However, there remains a lack of analysis that brings together the findings of the rising number of mLearning projects in the developing world. With the increasing attention now being given to the role of mobiles in the educational sector in developing countries, there is a need at this juncture to take stock of the available evidence of the educational benefits that mobile phones provide in the developing world.
Consequently, this article explores the results of six mLearning projects that took place in several developing countries in Asia — the Philippines, Mongolia, Thailand, India, and Bangladesh — both because most developing-country mLearning interventions are being undertaken in Asia and because developments in Asia seem to indicate that the region could become the global leader in educational uses of mobiles Motlik, In exploring how mobile phone-facilitated mLearning contributes to improved educational outcomes, this article examines two specific issues: Of note, the projects reviewed deal with both formal and non-formal education as defined by Dighe, Hakeem, and Shaefferp.
The structure of the article continues as follows.
The article then examines six pilot projects that involved the use of mobile phones for education in developing countries in Asia, analyzing the pilot projects in order to determine whether the supposed benefits that the literature outlines hold true in the developing world.
The article concludes with a discussion of the potential of mobile phone-facilitated mLearning as well as with indications for possible future areas of research. Theories of Mobile Learning The literature on mLearning points to a variety of benefits that mobile phones could have on the educational sector.
For heuristic purposes, the impacts of mobile phones on educational outcomes that are identified in the mLearning literature can be classified into two broad categories.
On the one hand, mobiles supposedly impact educational outcomes by improving access to education while maintaining the quality of education delivered. On the other hand, mobiles purportedly impact educational outcomes by facilitating alternative learning processes and instructional methods collectively known as new learning.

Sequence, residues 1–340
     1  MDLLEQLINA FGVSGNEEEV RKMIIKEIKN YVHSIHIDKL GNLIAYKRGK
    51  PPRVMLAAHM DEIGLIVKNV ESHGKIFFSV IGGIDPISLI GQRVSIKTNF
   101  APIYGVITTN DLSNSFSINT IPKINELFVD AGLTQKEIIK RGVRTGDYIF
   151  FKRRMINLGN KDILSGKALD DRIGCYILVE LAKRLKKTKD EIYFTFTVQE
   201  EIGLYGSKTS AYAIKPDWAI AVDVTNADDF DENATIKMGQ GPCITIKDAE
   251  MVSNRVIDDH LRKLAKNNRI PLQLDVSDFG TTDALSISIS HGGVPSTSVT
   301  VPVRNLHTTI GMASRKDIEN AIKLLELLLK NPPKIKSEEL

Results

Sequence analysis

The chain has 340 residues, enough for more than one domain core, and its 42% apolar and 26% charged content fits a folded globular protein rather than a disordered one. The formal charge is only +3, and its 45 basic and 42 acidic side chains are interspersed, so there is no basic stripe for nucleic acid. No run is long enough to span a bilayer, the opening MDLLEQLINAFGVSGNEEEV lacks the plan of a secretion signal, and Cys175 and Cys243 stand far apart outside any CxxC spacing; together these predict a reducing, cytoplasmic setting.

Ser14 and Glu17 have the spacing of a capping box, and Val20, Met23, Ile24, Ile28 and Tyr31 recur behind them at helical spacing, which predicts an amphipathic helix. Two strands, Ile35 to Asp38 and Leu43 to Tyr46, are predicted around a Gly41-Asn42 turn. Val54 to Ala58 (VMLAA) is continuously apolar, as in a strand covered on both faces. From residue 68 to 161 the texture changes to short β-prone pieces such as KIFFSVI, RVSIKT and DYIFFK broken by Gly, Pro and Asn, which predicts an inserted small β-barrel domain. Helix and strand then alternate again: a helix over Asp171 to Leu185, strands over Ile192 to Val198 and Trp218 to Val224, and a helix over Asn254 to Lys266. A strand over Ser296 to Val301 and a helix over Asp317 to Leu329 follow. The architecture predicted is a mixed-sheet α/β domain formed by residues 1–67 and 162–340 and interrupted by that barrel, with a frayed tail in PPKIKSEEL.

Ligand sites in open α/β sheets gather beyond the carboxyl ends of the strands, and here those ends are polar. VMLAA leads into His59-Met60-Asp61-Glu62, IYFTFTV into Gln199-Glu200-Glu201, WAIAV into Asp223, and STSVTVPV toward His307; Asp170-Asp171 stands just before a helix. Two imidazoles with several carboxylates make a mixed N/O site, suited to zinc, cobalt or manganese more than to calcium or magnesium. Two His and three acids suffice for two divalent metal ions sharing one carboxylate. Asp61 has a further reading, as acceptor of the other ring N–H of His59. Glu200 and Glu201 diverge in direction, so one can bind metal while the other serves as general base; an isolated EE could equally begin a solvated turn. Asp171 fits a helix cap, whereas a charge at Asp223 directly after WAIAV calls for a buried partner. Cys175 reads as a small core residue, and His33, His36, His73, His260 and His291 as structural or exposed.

The Role of Mobiles in Improving Access to Education In theory, mLearning increases access for those who are mobile or cannot physically attend learning institutions — those who would not otherwise be able to follow courses in a traditional educational setting due to the constraints of work, household activities, or other competing demands on their time.
MLearning makes education more accessible in that it enables learners to pursue their studies according to their own schedule. The portability of mobile technology means that mLearning is not bound by fixed class times; mLearning enables learning at all times and in all places, during breaks, before or after shifts, at home, or on the go.Laurent Elder Pan Asia Networking, IDRC Canada Laurent Elder leads IDRC’s Pan Asia Networking (PAN) program, which studies the positive and negative impacts of the information society on Asian countries in order to help communities make the best use of information and communication .
Human Rights Watch. Prior to the conflict, the primary school enrollment rate in Syria was 99 percent and lower secondary school enrollment was . The design and applications of traffic control devices used in temporary traffic control zones are described in this chapter.
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Laurent Elder Pan Asia Networking, IDRC Canada Laurent Elder leads IDRC’s Pan Asia Networking (PAN) program, which studies the positive and negative impacts of the information society on Asian countries in order to help communities make the best use of information and communication technologies.